During the same period he organised the first Romanian school of ballet.
In 1926, in Paris, George Georgescu was accepted as a member of the famous group known as "Les Six” ("The Six”): Georges Auric, Arthur Honegger, Darius Milhaud, Francis Poulenc and the others.
Between 1926 and 1927 George Georgescu took up Arturo Toscanini’s baton and conducted The New York Philharmonic and the Opera Orchestra of Washington. Once back in Romania, he returned to his position of director of the Bucharest Philharmonic Orchestra, which he held until 1944.
At the same time he filled in the position of director of the Romanian Opera. All these years proved very beneficial for both George Georgescu’s career and the Bucharest Philharmonic, which developed into one of the best orchestras in the world, hosting an impressive record of composers and instrumentalists: Richard Strauss, Ravel, Mascagni, Stravinski, Bartok, Vincent d’Indy, George Enescu, Paul Constantinescu, Marcel Mihalovici, Dinu Lipatti, Menuhin, Casals, Cortot, Backhaus, Thibaud, Rubinstein.
As a token of high regard, the French government would award him with the Legion of Honour.
As of 1944, George Georgescu was "banished” from the podium "for life”, because he had committed the "crime of performing German music”. In 1947, as a result of George Enescu’s authoritative intercession, Georgescu was allowed to return on the podium, but only as conductor of the Radio Orchestra, and not of the Philharmonic.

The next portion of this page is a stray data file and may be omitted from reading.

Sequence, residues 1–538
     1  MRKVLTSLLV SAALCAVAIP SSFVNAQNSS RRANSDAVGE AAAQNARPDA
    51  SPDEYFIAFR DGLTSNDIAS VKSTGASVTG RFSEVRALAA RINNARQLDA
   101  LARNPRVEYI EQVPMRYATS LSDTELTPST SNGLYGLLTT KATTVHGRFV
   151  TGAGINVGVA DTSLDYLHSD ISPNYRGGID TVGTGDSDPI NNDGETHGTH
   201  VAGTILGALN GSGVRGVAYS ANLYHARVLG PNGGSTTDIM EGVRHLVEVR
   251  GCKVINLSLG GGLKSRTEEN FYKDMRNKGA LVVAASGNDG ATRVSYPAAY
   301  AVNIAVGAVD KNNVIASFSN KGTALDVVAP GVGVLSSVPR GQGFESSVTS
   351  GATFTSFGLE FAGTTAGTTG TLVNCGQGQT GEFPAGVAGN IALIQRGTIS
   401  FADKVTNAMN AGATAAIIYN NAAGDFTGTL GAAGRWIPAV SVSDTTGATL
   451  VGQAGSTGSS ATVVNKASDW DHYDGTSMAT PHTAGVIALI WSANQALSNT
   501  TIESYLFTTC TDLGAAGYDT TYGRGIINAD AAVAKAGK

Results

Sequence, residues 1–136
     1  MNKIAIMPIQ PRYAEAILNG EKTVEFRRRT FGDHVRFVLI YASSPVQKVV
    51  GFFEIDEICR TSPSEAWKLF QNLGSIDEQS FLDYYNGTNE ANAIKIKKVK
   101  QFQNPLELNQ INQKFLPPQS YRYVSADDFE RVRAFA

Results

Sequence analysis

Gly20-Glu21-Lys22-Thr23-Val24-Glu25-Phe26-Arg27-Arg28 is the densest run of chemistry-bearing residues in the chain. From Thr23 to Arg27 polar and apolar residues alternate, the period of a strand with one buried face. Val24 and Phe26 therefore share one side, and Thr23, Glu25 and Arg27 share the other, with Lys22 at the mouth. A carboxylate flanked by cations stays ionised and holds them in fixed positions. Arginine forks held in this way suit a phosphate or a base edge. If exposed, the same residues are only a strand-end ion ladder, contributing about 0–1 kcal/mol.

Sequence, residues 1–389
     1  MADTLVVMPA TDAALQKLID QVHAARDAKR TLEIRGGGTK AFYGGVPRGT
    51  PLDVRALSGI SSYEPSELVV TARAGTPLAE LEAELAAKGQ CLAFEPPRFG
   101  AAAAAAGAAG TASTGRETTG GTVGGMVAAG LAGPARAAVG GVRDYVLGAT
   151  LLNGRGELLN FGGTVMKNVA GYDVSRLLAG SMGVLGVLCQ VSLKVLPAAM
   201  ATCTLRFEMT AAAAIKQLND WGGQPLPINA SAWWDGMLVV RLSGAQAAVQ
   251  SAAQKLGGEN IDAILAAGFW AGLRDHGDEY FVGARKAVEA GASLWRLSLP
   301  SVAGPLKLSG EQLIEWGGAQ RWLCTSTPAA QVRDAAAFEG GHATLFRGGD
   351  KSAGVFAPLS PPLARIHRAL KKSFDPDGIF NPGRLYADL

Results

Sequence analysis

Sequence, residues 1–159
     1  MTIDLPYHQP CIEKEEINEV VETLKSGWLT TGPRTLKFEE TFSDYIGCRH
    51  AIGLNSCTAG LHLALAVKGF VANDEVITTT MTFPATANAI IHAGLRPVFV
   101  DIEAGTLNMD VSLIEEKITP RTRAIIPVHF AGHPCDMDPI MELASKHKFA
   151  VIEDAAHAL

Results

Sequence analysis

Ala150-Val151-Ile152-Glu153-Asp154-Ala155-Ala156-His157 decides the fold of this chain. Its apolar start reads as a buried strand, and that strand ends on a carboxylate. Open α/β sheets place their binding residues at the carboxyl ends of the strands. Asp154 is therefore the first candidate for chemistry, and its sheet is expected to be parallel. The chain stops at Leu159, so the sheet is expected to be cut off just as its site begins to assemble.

In 1954, George Georgescu accepted again the position of director of the Philharmonic, which he held until 1964. It was during this time that he organised the first "George Enescu” Festivals. He managed to bring to Bucharest Richter, David Oistrach, Yehudi Menuhin and brought out Lola Bobescu, Valentin Gheorghiu, Ion Voicu, Radu Aldulescu, Ştefan Ruha. During the same period, he resumed his personal tours in Italy, Czechoslovakia, Hungary, England, the United States, and took the Philharmonic to Berliner Fesstage, Dresden, Vienna and Athens, where it enjoyed, in the Great Herod Atticus Amphitheater, a tremendous success.
He held his last concert in Berlin, the city where he had begun his career. George Georgescu died in Bucharest, on September 1, 1964.
George Georgescu belongs to the great family of outstanding conductors of the twentieth century. The universal history of the interpretive art places him alongside legendary names, such as: Arturo Toscanini, Wilhelm Furtwangler, Leopold Stokowski, Karl Bohm, Herbert von Karajan, Sergiu Celibidache.
Within the boundaries of his native country, he is acknowledged as the "master” of the Romanian art of conducting.
All in all, Georgescu’s career as conductor appears very impressive: 400 first hearings from the international repertoire and over 100 absolute first hearings of Romanian works, collaborations with 52 symphonic orchestras and 150 Romanian and foreign soloists, dozens of tours in the United States, England, France, Italy, Germany, The Soviet Union, Sweden, Finland, Hungary, Poland, Czechoslovakia.
LUDWIG VAN BEETHOVEN
Coriolan op.62; Egmont op.84; Leonora no. 3 op.72b
Symphony No. 1 in C major, op. 21
Symphony No. 2 in D major, op.36
Symphony No. 3 in E flat major, op.55
Symphony No. 4 in B flat major, op. 60
Symphony No. 5 in C minor, op. 67
Symphony No. 6 in F major, op. 68
Symphony No. 7 in La major, op. 92
Symphony No. 8 in F major, op.93
Symphony No. 9 in D minor, op.125
Ion Piso, tenor
Marius Rintzler, bass
Emilia Petrescu, soprano
Martha Kessler, mezzo
George Enescu Philharmonic Orchestra
Choir of George Enescu Philharmonic Orchestra
Choir of Romanian Radio
В моей коллекции этот комплект появился сравнительно недавно (заказал, купил), но мне его также недавно скинули. И чтобы не заниматься лишней работой, даю тот, который мне скинули добрые люди!